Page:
During a recent workshop, a customer asked me to share some inspiring Lean conversion stories. It was an impromptu request. I did my best but didn’t quite nail it. In hindsight, I think there is a difference between stories about Lean that inspire people who are just getting started or not quite convinced, and stories that inspire or infuse energy into the work of a Lean teacher or practitioner. The lesson for me is to have ready, for a variety of audiences, inspiring stories of how Lean helped people grow and organizations transform.
Thinking back on my career and the memorable moments that have stayed with me, these stories seem to have certain things in common: simplicity, surprise and gemba.
Here is one such story. It is from when I was starting out as consultant, working with a 50-person company. After a series of small successes in the shipping, electronics assembly, QC, sales and engineering departments, at last it was time to go downstairs to the pneumatics area. These men handled the heaviest parts. They had the most brawn and the most experience. They did great work in challenging conditions and were proud of it. Unlike the newer, better-lit and larger production area upstairs, the pneumatics team did custom, low-volume work, often facing down engineers whose drawings demanded the impossible. This team got the least support from management because the products upstairs were the future, and the team downstairs was so quietly competent. The mentality in pneumatics was, “We don’t have any big problems. You do your Lean upstairs.” The management team was okay with this, but I was not.
If any area required a consultant to approach with respect, humility and a low-key persistence, this was it. They had a spirit of “we’ve always done more with less” that was right for a startup but looked like “less than what is required to do the job without undue burden” in my eyes. We made a few small improvements here and there. They put tools and supplies at point of use, duplicated some needed items that they had been too frugal or too proud to ask for, built fixtures, redesigned their work area, and set up a cross training program. They appreciated being given the time and empowerment to work on improvements. But they remained deeply skeptical of one-piece flow and pull.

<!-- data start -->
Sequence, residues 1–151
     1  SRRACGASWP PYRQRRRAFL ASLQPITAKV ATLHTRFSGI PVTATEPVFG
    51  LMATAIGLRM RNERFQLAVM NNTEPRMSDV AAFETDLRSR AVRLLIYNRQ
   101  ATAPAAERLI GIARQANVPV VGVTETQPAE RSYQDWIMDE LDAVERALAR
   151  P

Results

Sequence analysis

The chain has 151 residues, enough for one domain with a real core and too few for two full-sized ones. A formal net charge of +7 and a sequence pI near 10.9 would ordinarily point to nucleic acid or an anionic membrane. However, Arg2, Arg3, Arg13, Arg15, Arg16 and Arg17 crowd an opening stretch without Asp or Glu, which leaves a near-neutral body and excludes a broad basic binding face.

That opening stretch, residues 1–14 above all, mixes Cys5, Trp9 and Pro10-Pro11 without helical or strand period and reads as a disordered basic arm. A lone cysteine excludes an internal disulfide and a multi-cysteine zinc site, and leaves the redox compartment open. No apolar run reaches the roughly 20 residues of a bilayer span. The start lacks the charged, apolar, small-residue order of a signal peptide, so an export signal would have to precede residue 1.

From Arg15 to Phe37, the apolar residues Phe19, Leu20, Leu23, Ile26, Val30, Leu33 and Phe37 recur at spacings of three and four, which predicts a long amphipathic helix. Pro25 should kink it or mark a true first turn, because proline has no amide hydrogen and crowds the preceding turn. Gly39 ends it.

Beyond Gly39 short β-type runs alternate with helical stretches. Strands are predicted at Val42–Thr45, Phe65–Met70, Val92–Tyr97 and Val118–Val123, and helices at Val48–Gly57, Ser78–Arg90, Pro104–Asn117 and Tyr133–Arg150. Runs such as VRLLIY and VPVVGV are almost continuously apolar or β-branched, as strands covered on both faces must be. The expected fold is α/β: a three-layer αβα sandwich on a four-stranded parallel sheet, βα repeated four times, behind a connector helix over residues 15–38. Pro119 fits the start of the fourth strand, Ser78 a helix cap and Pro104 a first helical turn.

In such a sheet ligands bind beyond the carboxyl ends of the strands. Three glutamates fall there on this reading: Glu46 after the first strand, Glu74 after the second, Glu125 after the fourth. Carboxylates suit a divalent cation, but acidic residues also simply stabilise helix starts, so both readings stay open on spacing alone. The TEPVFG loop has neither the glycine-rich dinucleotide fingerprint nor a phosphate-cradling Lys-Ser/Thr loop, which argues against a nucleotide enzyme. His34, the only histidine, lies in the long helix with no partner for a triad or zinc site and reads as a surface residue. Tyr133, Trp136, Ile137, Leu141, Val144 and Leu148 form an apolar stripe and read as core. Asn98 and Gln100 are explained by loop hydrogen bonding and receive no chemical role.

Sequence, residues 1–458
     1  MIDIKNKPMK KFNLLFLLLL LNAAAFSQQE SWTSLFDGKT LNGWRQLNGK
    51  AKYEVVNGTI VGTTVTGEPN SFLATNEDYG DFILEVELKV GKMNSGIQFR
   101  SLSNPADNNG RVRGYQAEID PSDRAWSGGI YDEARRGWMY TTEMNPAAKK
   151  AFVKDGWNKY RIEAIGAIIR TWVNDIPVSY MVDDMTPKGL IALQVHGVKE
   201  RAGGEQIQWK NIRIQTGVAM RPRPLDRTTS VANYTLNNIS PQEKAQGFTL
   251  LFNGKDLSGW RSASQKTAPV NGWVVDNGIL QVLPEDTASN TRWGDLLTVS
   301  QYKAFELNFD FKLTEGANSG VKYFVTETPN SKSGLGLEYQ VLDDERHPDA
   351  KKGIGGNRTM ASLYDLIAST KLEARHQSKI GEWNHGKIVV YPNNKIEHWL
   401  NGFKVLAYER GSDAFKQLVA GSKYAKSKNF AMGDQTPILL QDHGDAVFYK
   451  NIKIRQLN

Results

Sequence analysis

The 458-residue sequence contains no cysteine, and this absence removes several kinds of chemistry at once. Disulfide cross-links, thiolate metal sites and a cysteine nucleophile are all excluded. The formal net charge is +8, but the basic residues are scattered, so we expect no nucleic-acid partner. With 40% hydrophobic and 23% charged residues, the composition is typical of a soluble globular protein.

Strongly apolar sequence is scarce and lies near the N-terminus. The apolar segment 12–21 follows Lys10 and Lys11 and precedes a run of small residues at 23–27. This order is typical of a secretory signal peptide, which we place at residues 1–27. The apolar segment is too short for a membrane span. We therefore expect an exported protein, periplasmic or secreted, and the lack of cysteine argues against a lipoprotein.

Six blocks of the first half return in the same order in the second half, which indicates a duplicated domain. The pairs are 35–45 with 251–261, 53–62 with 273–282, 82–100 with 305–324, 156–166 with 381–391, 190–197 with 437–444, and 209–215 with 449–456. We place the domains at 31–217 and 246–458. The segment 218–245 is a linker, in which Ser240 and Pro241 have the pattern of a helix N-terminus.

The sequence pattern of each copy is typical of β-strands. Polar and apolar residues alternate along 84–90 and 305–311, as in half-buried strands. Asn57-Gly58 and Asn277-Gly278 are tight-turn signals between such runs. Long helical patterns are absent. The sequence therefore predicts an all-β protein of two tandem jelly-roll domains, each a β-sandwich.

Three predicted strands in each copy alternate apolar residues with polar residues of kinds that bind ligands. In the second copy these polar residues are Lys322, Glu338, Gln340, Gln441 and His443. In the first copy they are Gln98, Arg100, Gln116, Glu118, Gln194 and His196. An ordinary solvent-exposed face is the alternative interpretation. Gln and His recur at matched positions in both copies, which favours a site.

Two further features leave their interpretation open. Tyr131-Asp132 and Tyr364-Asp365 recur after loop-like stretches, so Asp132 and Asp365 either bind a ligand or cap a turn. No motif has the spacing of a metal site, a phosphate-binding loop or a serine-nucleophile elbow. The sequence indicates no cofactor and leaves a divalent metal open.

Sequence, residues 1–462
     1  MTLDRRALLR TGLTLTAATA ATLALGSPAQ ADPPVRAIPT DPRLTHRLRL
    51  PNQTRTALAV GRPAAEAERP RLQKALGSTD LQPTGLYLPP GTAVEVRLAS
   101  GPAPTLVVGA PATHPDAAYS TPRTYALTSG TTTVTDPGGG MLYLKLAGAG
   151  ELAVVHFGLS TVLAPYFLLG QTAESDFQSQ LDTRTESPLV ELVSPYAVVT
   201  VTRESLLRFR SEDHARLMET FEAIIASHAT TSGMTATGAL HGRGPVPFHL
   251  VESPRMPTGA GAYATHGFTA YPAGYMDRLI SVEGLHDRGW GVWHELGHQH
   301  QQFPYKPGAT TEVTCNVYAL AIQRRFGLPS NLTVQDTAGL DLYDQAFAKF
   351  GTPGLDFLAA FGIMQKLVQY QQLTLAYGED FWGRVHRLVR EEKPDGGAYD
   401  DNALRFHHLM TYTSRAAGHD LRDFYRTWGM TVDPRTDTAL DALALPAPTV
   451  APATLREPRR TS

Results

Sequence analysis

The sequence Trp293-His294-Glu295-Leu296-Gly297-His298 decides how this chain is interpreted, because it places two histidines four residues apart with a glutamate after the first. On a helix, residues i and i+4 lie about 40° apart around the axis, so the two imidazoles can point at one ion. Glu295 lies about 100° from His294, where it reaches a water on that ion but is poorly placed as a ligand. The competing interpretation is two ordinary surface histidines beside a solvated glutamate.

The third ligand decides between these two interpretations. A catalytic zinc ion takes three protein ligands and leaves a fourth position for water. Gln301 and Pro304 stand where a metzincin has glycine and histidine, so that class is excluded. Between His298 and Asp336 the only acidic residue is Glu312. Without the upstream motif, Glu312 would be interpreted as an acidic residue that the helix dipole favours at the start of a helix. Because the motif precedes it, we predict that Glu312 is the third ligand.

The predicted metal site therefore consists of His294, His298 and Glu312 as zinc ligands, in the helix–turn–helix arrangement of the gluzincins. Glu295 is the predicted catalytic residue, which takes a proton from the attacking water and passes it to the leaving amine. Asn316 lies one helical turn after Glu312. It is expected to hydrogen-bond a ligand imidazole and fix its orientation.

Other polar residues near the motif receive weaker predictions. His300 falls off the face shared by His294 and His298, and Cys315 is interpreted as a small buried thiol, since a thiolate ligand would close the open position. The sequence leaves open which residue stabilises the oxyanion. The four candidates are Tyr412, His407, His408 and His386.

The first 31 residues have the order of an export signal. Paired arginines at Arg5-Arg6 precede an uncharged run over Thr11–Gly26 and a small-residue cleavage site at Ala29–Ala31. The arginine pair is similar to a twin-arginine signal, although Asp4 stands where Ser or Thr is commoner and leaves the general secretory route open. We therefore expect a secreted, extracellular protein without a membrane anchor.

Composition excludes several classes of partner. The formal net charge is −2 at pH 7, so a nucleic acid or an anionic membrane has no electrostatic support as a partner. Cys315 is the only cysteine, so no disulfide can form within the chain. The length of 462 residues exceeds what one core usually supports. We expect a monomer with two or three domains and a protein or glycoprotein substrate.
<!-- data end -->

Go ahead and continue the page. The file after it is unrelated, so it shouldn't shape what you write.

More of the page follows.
A few months into our engagement, this area was the only part of the company that was committed to working in batch. One day I asked them, “What is standing in your way to trying one-piece flow?” I learned that there was a test fixture. The company had only one. It was expensive. It was shared with the production team upstairs. When they needed to use it, they would build up a batch of finished products to test, and go upstairs to borrow it.
“What if we could get a tester for your area?” I persisted. “Would anything else stop you from trying one-piece flow?” That was ridiculous suggestion, they scoffed. They will never buy us our own tester.
“Why don’t we ask the assembly department upstairs if we can borrow it for a while to test the one-piece flow concept?” They made more doubtful noises.
Finally one of the team leaders stepped forward, “Sure, I’ll go ask.”
While we waited one of the senior mechanics told me that it was useless. There was no way they would move that tester. And in any case, we’ve got things as dialed in as they’re going to get down here, believe me.
Our messenger returned a few minutes later rolling the tester on a cart, wearing a strange expression on his face. “They said they never use it. We can keep the tester.” Everyone was stunned. There was a long silence. People must have been thinking, “Why did we never ask before?” and “What made us think we couldn’t have the tools we need?” or perhaps even “Well this is embarrassing.”
The team leader rolled the tester into the blank spot in flow line. As the others nodded in agreement he said, “Let’s give this a try.”
It was a simple matter of asking, “What if..?” What would it take to build one at a time? What tools, materials, supplies, layout and skills would we need to do this? Their team had been collecting these things little by little. They were stuck at the tester. In this case, getting their own tester was a simple matter of asking if they could borrow it. Due to design changes and the release of new models, the team upstairs no longer used this tester. This was a pleasant surprise. But not an uncommon one in the continuous improvement journey. When we don’t go see and don’t ask why, we are setting ourselves up for all kinds of surprises. Processes deteriorate. Assumptions become invalid. Things change.
The lesson of this story is that our perception of reality often differs from the actual reality on the gemba, and that by the simple action of going to see, we can often find surprising solutions to our problems.
What is your gemba story?